We are Anglicans!
What is an Anglican? For many outside and even in the Church of England, the word conjures up pictures of beautiful historic buildings, the Vicar of Dibley, occasional religious services for life milestone marking or annual seasonal events. For some, ‘Anglicanism’ is a ‘brand’, managed by a complicated institution, connected to a place (Canterbury); usually linked to the values of the ruling establishment.
Gafcon since its inception has rejected these understandings of Anglicanism, and has emphasised instead that being Anglican is about beliefs, history and people:
• An expression of authentic Christian faith
• Shared structures of governance and forms of worship and discipleship
• A global communion of culturally diverse churches
Continuing our series on the Jerusalem Declaration, we’re looking this month at clauses 6 and 7:
We rejoice in our Anglican sacramental and liturgical heritage as an expression of the gospel, and we uphold the 1662 Book of Common Prayer as a true and authoritative standard of worship and prayer, to be translated and locally adapted for each culture.
We recognise that God has called and gifted bishops, priests and deacons in historic succession to equip all the people of God for their ministry in the world. We uphold the classic Anglican Ordinal as an authoritative standard of clerical orders.
Most of the Jerusalem Declaration focuses on affirming bible-based Christian faith shared with all true churches. Here the document sets out concisely some Anglican distinctives that have nothing to do with the familiar caricatures mentioned above!
Many Anglican evangelicals in the West, perhaps wanting to avoid any association with ritualistic religion and seeking attract a generation who might be put off by too much formality, have in recent decades kept sacraments and liturgy to a minimum. But this can lead to two-dimensional worship, missing out on the riches of the tradition. Symbols appreciated with all the senses, and the regular repetition of words crafted with poetic skill, are not an end in themselves but used rightly are “an expression of the gospel” and in fact a “means of grace” by which, with faith, we encounter the Lord himself.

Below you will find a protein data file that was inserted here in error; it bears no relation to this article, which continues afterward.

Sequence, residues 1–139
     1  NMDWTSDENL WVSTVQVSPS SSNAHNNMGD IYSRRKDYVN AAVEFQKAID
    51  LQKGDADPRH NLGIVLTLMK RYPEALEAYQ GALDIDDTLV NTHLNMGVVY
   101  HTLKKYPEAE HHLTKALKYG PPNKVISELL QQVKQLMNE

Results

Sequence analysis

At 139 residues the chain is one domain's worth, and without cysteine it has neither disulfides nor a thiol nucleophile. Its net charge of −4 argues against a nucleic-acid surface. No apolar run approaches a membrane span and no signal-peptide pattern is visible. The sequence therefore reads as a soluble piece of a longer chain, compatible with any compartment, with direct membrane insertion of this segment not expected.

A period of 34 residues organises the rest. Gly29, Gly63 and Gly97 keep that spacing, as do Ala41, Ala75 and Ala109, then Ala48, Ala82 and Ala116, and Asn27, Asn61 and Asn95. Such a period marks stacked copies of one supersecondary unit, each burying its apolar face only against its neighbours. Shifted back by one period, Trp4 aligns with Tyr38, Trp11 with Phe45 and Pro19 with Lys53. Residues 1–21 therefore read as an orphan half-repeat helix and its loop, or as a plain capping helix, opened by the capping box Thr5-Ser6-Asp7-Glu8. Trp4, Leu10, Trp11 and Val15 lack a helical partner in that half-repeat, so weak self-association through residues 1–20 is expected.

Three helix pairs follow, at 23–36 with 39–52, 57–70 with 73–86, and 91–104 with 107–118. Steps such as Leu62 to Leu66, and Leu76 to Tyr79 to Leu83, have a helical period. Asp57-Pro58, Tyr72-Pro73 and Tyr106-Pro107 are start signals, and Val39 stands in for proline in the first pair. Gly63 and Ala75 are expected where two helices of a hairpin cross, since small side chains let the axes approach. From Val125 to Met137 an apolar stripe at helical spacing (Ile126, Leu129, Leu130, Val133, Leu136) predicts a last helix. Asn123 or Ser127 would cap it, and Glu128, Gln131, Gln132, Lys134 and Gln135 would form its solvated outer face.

The Book of Common Prayer and the Ordinal are based on patterns of worship and commissioning of church leaders which date back to the early church. Over the centuries, the gospel had become obscured, requiring the powerful theological correction of the Reformation.The rubrics and liturgies set out how we should approach God in worship and prayer, in learning from his word and receiving his body and blood, in holding leaders publicly to biblical standards in ministry. But the 1662 documents are not like the Quran, seen as having almost magical properties only if used in unchanged form. They are to be continually “translated and adapted for each culture”, always expressing the central teaching of relationship with Christ through repentance and faith, and growing as disciples together through regular feeding on word and sacrament. It is not ‘Anglican’ to repeat the words of 1662 while no longer believing in what they plainly signify and point to.
Anglicans structure their church life in a particular way, with local churches led by priests assisted by deacons, overseen by bishops responsible for regions with groups of churches. The use of the word ‘priest’ here should notdenote any kind of mystical spiritual ability, and certainly not being above correction. Christian leadership should be characterised by servanthood and humility not abuse of power or pursuit of status. Cranmer used both terms ‘priest’ and ‘Minister’; many evangelicals prefer to use the New Testament word ‘presbyter’; ‘pastor’ is increasingly being used. Hopefully, battles over whether or not to use words and symbols associated with ‘anglo-catholicism’ are a thing of the past, as faithful Anglicans unite around the gospel in the face of more serious contemporary theological threats.
Whatever name we give to those set apart to lead local congregations needs to be explained, and care needs to be taken to ensure that their origin and purpose is built into local church vision and practice. As Article 7 reminds us, those with responsibility to lead and speak in the church are a gift from God, not so they can take on the entire burden and status of caring for the flock, but to equip God’s people for ministry, in the church and as salt and light in the world.